Sunday 24 March 2019

Croke Park II: Staff can now be 'pushed out' if not needed

Fionnan Sheahan and Anne-Marie Walsh

PUBLIC sector workers will be pushed out of their job if their role is no longer needed, under the terms of the new Croke Park deal.

But the Government claims that this is not the same as making compulsory redundancies.

The Government also has a clause in the new agreement that it can go back for more cuts from the wage bill if the economy deteriorates further.

But workers who lose out on Sunday premium pay will get compensation in 18 months' time.

Meanwhile, it has emerged that former Taoisigh Brian Cowen and Bertie Ahern are facing cuts of approximately €7,500 to their pensions of around €150,000.

Public Spending Minister Brendan Howlin has called on public sector workers to "swallow hard" and vote for the new deal. He promised that the Government would "not be coming back for more" if this agreement was to go through.

However, there is a clause in the deal which says that there can be a review if "the commitments or assumptions reaffirmed under this Agreement must be revisited".

Mr Howlin joined union leaders in dismissing reports that compulsory redundancies were part of the deal. But the section of the deal called "exit mechanisms" effectively does provide the Government with the ability to force a worker to take voluntary redundancy if their position is deemed surplus to requirements.

The document also says there are "exceptions" to the commitment that compulsory redundancy will not apply.


It states: "The commitment on compulsory redundancy continues to be subject to the agreed flexibility in deployment being delivered.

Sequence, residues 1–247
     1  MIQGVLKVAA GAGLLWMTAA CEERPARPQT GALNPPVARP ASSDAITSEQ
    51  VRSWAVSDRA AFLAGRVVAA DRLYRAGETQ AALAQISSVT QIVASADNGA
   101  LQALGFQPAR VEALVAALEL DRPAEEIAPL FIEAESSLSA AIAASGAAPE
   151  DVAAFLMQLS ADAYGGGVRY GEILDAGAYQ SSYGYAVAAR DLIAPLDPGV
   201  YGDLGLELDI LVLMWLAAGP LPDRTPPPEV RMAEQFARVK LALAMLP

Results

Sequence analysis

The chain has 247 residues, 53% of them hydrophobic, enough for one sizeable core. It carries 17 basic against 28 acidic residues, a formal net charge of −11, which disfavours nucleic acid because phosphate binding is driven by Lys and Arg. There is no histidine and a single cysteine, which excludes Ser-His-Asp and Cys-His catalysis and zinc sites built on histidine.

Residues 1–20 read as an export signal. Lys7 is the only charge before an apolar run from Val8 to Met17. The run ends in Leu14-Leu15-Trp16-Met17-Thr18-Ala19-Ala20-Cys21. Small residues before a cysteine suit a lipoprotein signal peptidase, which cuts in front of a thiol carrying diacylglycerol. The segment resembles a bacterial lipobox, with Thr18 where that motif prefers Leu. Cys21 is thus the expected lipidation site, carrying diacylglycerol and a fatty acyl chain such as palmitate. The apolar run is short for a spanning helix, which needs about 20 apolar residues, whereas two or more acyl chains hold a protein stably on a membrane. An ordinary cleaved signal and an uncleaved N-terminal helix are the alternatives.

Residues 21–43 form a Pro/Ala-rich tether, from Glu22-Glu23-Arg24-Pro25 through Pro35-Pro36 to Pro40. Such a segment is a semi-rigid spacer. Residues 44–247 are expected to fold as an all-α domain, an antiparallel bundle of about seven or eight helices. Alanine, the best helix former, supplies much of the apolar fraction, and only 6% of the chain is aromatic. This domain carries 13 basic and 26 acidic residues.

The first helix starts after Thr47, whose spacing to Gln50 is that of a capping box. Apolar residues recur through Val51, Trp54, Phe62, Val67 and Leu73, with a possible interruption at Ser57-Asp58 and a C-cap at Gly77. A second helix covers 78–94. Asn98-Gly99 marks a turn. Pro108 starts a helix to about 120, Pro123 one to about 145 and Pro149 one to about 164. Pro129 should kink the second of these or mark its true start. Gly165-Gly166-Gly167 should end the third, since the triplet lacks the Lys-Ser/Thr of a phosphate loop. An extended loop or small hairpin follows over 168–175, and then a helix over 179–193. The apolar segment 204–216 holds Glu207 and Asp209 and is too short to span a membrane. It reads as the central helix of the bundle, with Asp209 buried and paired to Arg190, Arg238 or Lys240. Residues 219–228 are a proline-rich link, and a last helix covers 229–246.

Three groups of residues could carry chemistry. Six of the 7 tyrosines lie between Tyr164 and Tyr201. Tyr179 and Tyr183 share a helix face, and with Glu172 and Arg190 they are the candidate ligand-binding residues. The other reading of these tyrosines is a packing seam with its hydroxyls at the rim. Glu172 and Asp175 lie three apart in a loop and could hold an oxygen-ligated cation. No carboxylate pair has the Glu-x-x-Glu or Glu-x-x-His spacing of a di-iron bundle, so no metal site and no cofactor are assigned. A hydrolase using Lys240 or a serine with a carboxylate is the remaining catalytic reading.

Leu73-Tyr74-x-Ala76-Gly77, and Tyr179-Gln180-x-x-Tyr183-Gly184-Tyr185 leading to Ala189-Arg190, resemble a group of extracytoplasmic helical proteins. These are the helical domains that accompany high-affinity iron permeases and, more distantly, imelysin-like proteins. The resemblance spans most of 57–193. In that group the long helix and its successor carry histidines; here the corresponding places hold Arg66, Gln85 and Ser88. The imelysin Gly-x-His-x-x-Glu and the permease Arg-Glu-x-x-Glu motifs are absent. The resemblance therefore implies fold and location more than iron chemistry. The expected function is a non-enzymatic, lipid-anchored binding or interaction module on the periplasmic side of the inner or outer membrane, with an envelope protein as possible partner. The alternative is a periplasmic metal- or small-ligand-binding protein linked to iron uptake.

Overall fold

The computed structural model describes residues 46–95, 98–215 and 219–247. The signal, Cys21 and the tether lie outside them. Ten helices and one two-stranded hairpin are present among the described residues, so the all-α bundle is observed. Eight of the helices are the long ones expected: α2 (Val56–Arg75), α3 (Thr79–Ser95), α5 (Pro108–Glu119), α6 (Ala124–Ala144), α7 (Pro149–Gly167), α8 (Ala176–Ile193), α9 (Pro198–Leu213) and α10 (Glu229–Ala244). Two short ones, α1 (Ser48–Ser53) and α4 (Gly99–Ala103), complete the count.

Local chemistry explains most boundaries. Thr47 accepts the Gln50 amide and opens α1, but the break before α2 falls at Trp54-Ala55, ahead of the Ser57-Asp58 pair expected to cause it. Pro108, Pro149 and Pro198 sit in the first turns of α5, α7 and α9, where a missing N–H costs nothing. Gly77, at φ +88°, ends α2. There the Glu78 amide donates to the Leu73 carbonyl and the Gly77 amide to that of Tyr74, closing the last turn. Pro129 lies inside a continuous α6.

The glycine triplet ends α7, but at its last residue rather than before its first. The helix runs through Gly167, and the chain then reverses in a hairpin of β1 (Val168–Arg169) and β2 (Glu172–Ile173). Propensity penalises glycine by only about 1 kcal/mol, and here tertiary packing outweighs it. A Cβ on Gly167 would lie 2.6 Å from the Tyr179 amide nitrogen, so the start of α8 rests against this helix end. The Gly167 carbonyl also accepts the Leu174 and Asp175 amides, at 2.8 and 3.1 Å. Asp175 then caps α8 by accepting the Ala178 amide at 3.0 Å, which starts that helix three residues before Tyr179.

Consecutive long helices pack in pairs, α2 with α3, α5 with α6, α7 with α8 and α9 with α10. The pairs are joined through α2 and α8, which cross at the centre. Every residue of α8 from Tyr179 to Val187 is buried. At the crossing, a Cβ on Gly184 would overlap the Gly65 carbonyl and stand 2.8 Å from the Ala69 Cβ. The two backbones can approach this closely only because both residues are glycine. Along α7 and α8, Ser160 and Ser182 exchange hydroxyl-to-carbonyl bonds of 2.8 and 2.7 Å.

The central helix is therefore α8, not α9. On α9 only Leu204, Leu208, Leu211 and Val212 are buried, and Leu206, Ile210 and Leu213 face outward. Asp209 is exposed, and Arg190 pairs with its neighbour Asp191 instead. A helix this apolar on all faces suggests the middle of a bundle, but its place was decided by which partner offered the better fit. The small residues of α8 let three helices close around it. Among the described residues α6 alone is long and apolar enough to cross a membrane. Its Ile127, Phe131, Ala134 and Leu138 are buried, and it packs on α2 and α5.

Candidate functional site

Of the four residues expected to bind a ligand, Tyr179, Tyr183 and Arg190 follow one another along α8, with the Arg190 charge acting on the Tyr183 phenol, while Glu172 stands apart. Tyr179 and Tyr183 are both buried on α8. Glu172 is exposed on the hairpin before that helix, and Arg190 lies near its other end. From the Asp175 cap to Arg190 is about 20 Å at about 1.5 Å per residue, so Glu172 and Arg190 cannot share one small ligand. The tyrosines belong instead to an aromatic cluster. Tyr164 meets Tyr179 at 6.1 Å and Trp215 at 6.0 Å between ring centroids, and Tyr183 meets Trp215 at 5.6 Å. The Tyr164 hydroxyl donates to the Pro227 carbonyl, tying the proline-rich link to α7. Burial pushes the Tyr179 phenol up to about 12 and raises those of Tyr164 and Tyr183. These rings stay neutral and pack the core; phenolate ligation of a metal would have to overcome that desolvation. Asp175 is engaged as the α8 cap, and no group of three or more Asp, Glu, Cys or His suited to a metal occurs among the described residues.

"Where deployment is not an option and taking account of the business needs of the organisation, there may be circumstances where voluntary departure would be appropriate."

Marking an end to jobs for life in the public service, these redundancies will mainly be used in cases where the position is gone because the office has been shut down.

The document reaffirms that management can dismiss underperforming workers.

It also allows for the Government to go beyond the existing plans for reductions in numbers in the public sector.

Under the agreement, existing pension holders will take a hit. In line with the reductions in pay at the higher level above €65,000, pensions above €32,500 will also be reduced by between 2pc and 5pc.

The reduction on pensions above €100,000 will rise to 5pc, so there will be a reduction for retired senior politicians.

Among the measures in the overall deal are:

• Public servants on a working week of 35 hours or less will work at least 37 hours.

• Those working between 35 and under 39 hours will have to put in at least 39 hours

• Anyone already on a 39-hour week or more will do one hour's unpaid overtime every week.

• Teachers' supervision and substitution payments to be eliminated.

• Reduced overtime rates, down to time and half for those on less than €35,000; time and a quarter for those earning more than €35,000.

• So-called 'twilight' payments will be abolished;

• High earners will have their salaries and allowances cut by 5.5pc for those between €65,000 and €80,000; with an extra 8pc off earnings between €80,000 and €150,000; another 9pc off pay between €150,000 and €185,000; and 10pc shaved off any earnings above €185,000.

Irish Independent

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